As More Americans Enter Into Domestic Partnerships, Estate Planning is a Must
Those in domestic partnerships should keep certain estate planning considerations in mind. Expert Rianka Dorsainvil shares her insights.
While marriage has been the reigning system of cohabitant life in the United States over the last several centuries, new trends are emerging. Domestic partnerships (also called “civil unions” in some states) are now starting to hold court. Similar to the structure of marriage, a domestic partnership involves living together, sharing financial responsibilities, and oftentimes raising a family.
While considered a legal living situation, domestic partnerships do not offer all the same benefits as marriage. Unrecognized by the federal government, each state has strung together its own set of rules. The benefits vary, including: the right to workplace leave for a sick partner or bereavement, visitation rights in hospitals or jails, adoption benefits, medical power of attorney, inheritance rights, and coverage opportunities on family health and life insurance policies.
As a financial planner, I am witnessing this situation more and more, and finding strategic ways to advise these new family structures to protect their most important assets: their families.
For those bucking the “societal norms” of marriage, I urge you to prioritize Estate Planning. When the benefits provided by the state may be small, taking this one action to start an Estate Plan can help you reap the most reward from the legal system.
Simply put: if you’re in a domestic partnership, this article is for you.
The Key Considerations: Healthcare, Childcare, and Assets
The good news: although there are no laws to protect unmarried partners, both married and unmarried couples are legally able to create Trusts. In that sense, it is absolutely critical that couples in a domestic partnership create an Estate Plan to ensure their partner is not shut out of any important decision making processes, and able to receive their share of an inheritance.
First, some basic concepts to revisit when creating your Estate Plan:
Revocable Trust – This type of Trust allows a person or multiple people to manage your affairs in the event of your death. Most importantly, taking this action helps avoid the lengthy process of probate. In addition, the position of co-trustee is also an option; should you become unable to make decisions for yourself due to health issues.
Durable Power of Attorney – In the event you should become disabled or incapacitated, having a Durable Power of Attorney assigned will allow for someone to act as you on your financial and legal matters moving forward.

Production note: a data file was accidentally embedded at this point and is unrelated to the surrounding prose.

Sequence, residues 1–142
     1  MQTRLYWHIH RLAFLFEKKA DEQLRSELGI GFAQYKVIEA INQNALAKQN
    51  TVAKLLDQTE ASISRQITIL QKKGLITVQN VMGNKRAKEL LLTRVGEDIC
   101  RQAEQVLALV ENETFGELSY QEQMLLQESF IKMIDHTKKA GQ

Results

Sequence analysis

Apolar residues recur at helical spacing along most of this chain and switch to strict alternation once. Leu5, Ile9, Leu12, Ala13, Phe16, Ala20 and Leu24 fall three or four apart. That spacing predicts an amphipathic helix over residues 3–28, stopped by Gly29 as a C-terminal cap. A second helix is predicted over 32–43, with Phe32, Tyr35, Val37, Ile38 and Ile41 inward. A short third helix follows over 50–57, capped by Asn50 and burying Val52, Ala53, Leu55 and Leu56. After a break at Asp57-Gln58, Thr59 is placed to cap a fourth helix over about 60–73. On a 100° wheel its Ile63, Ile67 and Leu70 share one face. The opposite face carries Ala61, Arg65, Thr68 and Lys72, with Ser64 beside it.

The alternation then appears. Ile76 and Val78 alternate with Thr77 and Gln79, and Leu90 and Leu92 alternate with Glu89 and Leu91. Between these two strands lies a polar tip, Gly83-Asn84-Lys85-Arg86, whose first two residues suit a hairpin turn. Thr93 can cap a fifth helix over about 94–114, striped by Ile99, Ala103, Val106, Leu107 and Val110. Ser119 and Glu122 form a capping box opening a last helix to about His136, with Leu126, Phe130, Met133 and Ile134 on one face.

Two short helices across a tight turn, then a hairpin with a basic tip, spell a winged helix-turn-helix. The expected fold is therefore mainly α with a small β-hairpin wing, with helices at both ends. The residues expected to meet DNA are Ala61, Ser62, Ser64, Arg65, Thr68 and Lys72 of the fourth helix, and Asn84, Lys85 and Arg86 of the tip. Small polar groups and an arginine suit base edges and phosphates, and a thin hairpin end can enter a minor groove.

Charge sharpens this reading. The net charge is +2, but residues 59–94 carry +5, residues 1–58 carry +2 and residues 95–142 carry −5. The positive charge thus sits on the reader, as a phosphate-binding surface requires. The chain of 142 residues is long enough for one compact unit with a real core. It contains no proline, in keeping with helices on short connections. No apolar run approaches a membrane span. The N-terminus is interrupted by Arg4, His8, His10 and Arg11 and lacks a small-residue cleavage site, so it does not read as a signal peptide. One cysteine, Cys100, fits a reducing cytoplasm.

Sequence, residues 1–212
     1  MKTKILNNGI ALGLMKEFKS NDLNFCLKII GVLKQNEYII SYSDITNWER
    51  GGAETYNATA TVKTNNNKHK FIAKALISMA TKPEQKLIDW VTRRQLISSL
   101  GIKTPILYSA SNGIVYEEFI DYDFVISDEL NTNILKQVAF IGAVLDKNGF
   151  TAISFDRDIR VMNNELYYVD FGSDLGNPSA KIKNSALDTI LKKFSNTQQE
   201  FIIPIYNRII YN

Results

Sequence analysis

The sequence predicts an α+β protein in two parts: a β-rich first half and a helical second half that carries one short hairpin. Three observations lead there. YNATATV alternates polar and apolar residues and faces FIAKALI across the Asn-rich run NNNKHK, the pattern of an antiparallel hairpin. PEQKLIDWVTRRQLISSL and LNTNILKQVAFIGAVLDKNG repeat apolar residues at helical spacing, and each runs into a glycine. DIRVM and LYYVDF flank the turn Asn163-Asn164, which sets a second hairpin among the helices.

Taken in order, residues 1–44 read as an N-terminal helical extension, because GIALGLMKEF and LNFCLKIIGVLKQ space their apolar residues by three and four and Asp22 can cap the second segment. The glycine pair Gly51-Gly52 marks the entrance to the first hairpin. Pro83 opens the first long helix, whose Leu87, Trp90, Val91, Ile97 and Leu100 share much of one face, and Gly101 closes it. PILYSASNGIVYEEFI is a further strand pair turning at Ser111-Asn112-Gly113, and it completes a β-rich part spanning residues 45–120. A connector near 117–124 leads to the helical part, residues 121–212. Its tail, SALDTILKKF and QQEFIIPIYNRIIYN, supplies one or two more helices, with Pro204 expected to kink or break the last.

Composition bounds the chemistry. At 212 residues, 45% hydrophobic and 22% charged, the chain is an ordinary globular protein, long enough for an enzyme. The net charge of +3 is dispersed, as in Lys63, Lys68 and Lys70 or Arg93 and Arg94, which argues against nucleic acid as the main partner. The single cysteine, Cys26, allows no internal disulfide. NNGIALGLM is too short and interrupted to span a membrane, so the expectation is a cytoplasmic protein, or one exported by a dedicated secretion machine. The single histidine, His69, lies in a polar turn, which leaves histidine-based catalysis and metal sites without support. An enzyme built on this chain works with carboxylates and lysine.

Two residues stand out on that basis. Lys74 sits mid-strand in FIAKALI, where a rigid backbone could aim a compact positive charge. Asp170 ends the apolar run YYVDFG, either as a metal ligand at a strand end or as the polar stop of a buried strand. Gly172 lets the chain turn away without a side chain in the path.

As in many relationships, the key considerations should be protecting and advocating for one's healthcare, childcare and large assets.
Designate Your Beneficiaries
As it goes in marriage, in domestic partnerships it is smart to decide upfront who you want your beneficiaries to be upon your death. This will avoid future complications and ensure a smooth transition of assets in the event of your passing.
Assigning a health care proxy role to your partner will give him/her the authority to make medical decisions for you on your behalf, should you no longer be able to. These decisions can be made for you permanently or temporarily should you return to an operable state.
Appointing your partner on all beneficiary designations, whether it be bank accounts through a “transfer on death” titling, retirement funds, or life insurance policies, will ensure he/she has access to these accounts.
Beware! Asset titling has the potential to be tricky, depending on the type of titling you choose and your end-goals. Since domestic partnerships do not have the option of Marital Property Rights of Survivorship, it is in your best interest to choose a means for property rights upon your death. With many options available, the most common for domestic partnerships are Tenants-in-Common and Joint Tenancy. Joint Tenancy creates titling between you and your partner, assuming equal asset ownership during their lifetime and passes on to the surviving party at time of death. Whereas Tenants in Common have the same type of titling, there is no survivorship in passing. This leaves the half portion of the asset to go to whomever it is designated in the estate plan.